I have been told that orchids don’t like to have ‘wet feet’. Is it best to water plants in the sink, and how long should I let the tepid water run? Sara N.
'Wet feet' is the term used to describe a potting medium that stays wet for a long period of time - days or weeks - and usually results in the roots completely dying. And there is nothing worse than an orchid with no roots.
The primary reason that orchids don't like 'wet feet' is because, in the wild, they are epiphytes which grow on the sides of trees and cling to the bark. Their roots get moistened almost daily in the rainforest but dry quickly because they are exposed to the sun and air. Once we remove them from their natural surroundings and force them into little pots, we are now responsible for their upkeep.
A general rule of thumb is to water an orchid about twice a week thoroughly and this usually takes place under a faucet. The water temperature is not that critical - avoid extreme heat and cold. Some growers soak their plant in a bowl for 5 minutes to be sure that every single root is completely wet. Now the key is to wait until the medium is almost dry before watering again.
Orchids that are potted in moss are the easiest of all to water correctly. Just touch the surface. If damp, wait a day and test again. In some cases, it might need a week or two to dry out. Orchids that are potted in bark chips always seem dry so the twice a week rule suits them best.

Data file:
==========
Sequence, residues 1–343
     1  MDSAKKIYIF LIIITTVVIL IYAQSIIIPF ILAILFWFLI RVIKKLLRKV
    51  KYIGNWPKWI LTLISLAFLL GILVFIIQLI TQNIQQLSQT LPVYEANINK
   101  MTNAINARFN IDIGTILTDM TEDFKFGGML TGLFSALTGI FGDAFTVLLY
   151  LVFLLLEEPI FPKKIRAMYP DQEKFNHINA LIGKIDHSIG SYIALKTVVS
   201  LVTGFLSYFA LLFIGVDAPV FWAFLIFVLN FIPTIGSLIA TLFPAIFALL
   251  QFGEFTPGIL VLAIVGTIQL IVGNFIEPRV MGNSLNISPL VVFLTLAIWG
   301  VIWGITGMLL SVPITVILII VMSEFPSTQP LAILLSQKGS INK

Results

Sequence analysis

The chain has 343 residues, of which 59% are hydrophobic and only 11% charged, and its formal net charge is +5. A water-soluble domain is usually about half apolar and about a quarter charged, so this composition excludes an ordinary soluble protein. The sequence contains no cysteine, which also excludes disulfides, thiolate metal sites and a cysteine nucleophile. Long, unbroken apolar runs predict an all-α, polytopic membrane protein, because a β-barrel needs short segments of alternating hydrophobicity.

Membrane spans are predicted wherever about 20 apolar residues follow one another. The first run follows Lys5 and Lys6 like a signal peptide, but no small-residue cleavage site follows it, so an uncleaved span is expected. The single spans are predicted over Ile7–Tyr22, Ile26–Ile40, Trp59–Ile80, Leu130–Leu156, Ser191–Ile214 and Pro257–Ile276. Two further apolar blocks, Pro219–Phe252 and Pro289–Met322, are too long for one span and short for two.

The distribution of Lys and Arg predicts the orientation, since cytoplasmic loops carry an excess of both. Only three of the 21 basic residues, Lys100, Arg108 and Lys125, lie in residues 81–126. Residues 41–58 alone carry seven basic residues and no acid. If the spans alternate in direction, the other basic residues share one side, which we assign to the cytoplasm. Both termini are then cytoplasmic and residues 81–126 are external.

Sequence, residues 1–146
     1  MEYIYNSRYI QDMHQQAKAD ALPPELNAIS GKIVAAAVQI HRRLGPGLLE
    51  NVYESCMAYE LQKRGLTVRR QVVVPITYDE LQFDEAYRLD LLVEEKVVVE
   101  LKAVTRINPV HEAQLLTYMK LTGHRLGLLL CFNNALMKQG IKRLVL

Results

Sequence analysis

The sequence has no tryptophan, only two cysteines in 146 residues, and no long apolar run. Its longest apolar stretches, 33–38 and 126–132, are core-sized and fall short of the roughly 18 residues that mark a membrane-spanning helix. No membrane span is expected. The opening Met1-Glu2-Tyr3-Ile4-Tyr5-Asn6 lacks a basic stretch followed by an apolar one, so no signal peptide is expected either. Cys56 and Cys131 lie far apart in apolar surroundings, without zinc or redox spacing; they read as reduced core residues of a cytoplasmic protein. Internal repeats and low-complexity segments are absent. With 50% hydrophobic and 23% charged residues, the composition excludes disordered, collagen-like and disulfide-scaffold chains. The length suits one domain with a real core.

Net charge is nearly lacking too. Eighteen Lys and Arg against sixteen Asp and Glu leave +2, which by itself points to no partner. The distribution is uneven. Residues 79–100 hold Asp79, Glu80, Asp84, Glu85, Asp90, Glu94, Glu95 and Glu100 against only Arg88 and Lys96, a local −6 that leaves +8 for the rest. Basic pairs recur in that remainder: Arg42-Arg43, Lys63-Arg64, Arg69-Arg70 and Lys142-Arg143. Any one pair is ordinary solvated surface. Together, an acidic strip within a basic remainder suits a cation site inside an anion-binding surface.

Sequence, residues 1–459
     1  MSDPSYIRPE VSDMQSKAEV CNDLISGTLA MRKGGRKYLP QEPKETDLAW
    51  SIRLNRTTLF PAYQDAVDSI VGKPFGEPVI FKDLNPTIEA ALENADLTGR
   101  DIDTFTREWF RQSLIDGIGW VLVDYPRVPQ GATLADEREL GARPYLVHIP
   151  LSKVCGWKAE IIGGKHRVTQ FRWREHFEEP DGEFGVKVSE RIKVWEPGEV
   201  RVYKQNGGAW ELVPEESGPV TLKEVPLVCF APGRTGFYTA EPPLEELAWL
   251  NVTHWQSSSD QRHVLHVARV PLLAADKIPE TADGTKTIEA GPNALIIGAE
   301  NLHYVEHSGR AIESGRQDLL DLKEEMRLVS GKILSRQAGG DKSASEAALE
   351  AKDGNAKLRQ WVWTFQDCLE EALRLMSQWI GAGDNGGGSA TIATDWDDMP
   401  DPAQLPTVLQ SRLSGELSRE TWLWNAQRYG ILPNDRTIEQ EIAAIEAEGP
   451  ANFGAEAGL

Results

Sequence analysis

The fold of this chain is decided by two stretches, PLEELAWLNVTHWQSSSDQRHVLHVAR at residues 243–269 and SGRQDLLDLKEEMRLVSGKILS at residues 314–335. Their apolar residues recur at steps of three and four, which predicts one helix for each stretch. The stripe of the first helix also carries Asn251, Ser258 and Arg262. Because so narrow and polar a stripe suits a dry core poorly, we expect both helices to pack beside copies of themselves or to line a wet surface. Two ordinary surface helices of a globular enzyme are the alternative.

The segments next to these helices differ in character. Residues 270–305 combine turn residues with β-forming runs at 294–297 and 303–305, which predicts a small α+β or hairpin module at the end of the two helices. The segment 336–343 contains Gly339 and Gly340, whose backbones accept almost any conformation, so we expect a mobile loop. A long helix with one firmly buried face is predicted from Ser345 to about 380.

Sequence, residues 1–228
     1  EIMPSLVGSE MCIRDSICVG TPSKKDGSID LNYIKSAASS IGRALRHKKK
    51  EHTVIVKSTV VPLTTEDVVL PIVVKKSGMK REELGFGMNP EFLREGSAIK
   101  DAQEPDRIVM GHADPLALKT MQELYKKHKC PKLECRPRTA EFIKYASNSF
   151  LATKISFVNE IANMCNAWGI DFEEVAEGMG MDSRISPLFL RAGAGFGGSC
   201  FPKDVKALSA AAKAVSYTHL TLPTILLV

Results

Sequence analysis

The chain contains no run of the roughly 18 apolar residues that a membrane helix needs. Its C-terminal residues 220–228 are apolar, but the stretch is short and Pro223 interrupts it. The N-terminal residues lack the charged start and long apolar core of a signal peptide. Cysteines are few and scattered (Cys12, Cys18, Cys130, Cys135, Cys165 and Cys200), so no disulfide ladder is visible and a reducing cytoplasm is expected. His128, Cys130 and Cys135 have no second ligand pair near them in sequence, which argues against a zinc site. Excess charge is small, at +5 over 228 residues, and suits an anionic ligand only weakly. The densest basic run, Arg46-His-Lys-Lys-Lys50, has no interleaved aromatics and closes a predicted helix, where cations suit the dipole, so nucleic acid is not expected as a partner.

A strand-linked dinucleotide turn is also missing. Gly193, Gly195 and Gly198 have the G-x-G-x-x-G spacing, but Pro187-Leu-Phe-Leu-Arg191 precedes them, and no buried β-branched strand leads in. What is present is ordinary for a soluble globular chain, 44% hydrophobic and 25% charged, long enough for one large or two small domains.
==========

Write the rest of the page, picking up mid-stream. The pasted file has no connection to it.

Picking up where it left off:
It really doesn't matter where orchids are watered - kitchen sink or otherwise - just as long as they are.
My orchids are not doing as well in my new house as they did in my old house. The leaves on the Cattleyas have turned brown. The Dendrobiums only have canes now. Help! Carolyn M.
Could it be that the new house is not plant friendly? There are some dwellings that, for some reason, are not suitable for plant life. Maybe not human life either. After all, if the environmental conditions are toxic to plants, they don't sound very healthy for people either.
The seven cultural conditions that are important to orchids are: air circulation, fertilizer, humidity, light, potting medium, temperature, and watering. We can assume that the fertilizer and potting medium are unchanged and that low air circulation, though frowned upon, is rarely fatal. Therefore, there remain four possible conditions that could be the cause of this orchid calamity.
HUMIDITY should be at least 50% and an inexpensive hygrometer can measure this.
LIGHT for Cattleyas and Dendrobiums is intermediate which is a east, west, or south exposure with full sun coming through the window and diffused by sheer curtains or blinds.
TEMPERATURE for most orchids is 60 deg F to 90 deg F year round.
WATER QUALITY is assumed good unless all else fails. If in doubt, switch to rain water or bottled water for a few months and observe.
Think like a detective and the answer will become apparent.
My husband took me to an orchid show where we were told that Phalaenopsis only bloom in the spring. I own a Phal that won't stop blooming. Is this hard on the plant? Janice B.
Phalaenopsis are seasonal and almost all bloom between January and May here in Virginia. Typical flowering duration is 3 months. A plant that ‘wont stop blooming’ means that the flowers last longer than 3 months. Maybe six or nine. Or a year or two.
It is not always clear why some moth orchids outperform others but a seasoned grower can look at a plant and tell whether the exceptionally long blooming time is having an adverse effect. Limp leaves and a lack of new root or leaf growth is an indication. If in doubt, cut the flowers off and enjoy them in a vase. Both you and the plant will be able to rest peacefully.